Also, adds Brownstein, “Southwest Pennsylvania was an early center of the movement away from Democrats among blue-collar whites. Bill Clinton in 1992 and 1996 carried both Westmoreland and Washington, two preponderantly white counties in the district with relatively few college graduates. Al Gore in 2000 and John Kerry in 2004 each held Washington but lost Westmoreland. Obama and Hillary Clinton then lost both of them in 2008, 2012, and 2016. In fact, the GOP has won a higher share of the vote in Westmoreland than it did four years earlier in each presidential election since 1992, and it has improved in Washington all but once. Trump topped 60 percent in both…Lamb clawed back some of those losses, with Saccone carrying 57 percent in Westmoreland and 53 percent in Washington—majorities, but not blowouts. That suggests Lamb ran more competitively among blue-collar whites than Democrats did in earlier high-profile Trump-era contests, such as last year’s governor’s race in Virginia and special Senate election in Alabama. There, exit polls showed the GOP candidates carrying over 70 percent of whites without a college degree each time. Still, the results hardly signal a collapse in the GOP’s blue-collar foundation.”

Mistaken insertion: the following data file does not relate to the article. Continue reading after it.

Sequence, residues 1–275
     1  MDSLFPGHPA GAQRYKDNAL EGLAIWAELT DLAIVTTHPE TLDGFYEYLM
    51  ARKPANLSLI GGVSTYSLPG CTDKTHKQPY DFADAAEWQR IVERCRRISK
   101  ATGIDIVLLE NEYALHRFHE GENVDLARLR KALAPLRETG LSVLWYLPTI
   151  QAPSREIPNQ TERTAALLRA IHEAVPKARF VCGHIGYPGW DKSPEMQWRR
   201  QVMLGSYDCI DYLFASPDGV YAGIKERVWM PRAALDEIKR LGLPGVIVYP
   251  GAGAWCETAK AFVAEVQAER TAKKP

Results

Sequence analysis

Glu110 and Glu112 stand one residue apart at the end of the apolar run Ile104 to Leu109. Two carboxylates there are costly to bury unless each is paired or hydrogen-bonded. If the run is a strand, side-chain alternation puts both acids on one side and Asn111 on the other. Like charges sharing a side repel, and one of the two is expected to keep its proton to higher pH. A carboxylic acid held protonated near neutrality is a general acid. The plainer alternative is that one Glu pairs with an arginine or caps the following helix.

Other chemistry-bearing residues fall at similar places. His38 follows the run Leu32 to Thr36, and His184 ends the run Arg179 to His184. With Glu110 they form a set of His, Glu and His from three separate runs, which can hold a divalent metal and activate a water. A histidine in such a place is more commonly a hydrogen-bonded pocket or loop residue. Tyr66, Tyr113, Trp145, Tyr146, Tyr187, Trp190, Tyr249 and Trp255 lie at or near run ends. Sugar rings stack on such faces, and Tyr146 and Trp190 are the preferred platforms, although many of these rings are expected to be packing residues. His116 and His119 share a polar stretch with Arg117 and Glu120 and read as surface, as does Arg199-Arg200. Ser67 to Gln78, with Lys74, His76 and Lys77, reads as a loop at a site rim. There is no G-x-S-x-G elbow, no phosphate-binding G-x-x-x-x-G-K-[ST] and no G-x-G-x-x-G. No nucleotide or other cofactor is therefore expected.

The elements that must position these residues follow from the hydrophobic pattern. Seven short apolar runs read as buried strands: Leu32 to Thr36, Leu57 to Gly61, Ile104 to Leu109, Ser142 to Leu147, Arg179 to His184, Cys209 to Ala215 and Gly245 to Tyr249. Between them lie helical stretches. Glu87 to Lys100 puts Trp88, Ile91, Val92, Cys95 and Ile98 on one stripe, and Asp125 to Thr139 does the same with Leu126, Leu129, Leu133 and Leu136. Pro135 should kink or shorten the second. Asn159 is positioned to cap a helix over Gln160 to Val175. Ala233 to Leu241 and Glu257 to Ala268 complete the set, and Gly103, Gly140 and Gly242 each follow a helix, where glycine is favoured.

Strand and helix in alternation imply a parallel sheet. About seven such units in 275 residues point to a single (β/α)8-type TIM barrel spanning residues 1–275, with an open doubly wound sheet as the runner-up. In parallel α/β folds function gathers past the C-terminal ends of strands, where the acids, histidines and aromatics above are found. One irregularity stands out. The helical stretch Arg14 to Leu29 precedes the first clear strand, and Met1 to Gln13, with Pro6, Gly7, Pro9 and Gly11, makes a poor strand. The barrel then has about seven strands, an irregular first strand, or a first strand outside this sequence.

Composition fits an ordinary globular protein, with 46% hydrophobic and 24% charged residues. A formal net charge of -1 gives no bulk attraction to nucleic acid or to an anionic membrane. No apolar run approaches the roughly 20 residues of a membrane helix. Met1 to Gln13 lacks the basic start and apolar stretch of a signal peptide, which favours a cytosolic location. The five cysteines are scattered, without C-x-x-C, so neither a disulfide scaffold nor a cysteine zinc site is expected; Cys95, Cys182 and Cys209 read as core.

The United Mine Workers of America strongly supported Conor Lamb, and here’s their take on the PA-18 election: “…One issue that clearly stands out is solving the multi-employer pension crisis…Saccone ducked the issue when asked to address it by reporters…PA-18 demonstrates that voters who fear for retirement security will blur partisan lines to support candidates they believe have their backs…“You elect this man to Congress, and you won’t have to lobby him one minute,” said [UMWA President Cecil] Roberts at a recent campaign rally for Lamb. “He’s for your pensions, he’s for your union, he’s for your health care. This is a ‘yes’ vote.”…In the wake of Lamb’s victory last night, Roberts noted that, “a lot of our members who didn’t vote in the last election or voted for President Trump came out and voted for the one candidate who was clear about standing up for their pensions and their retirement security.”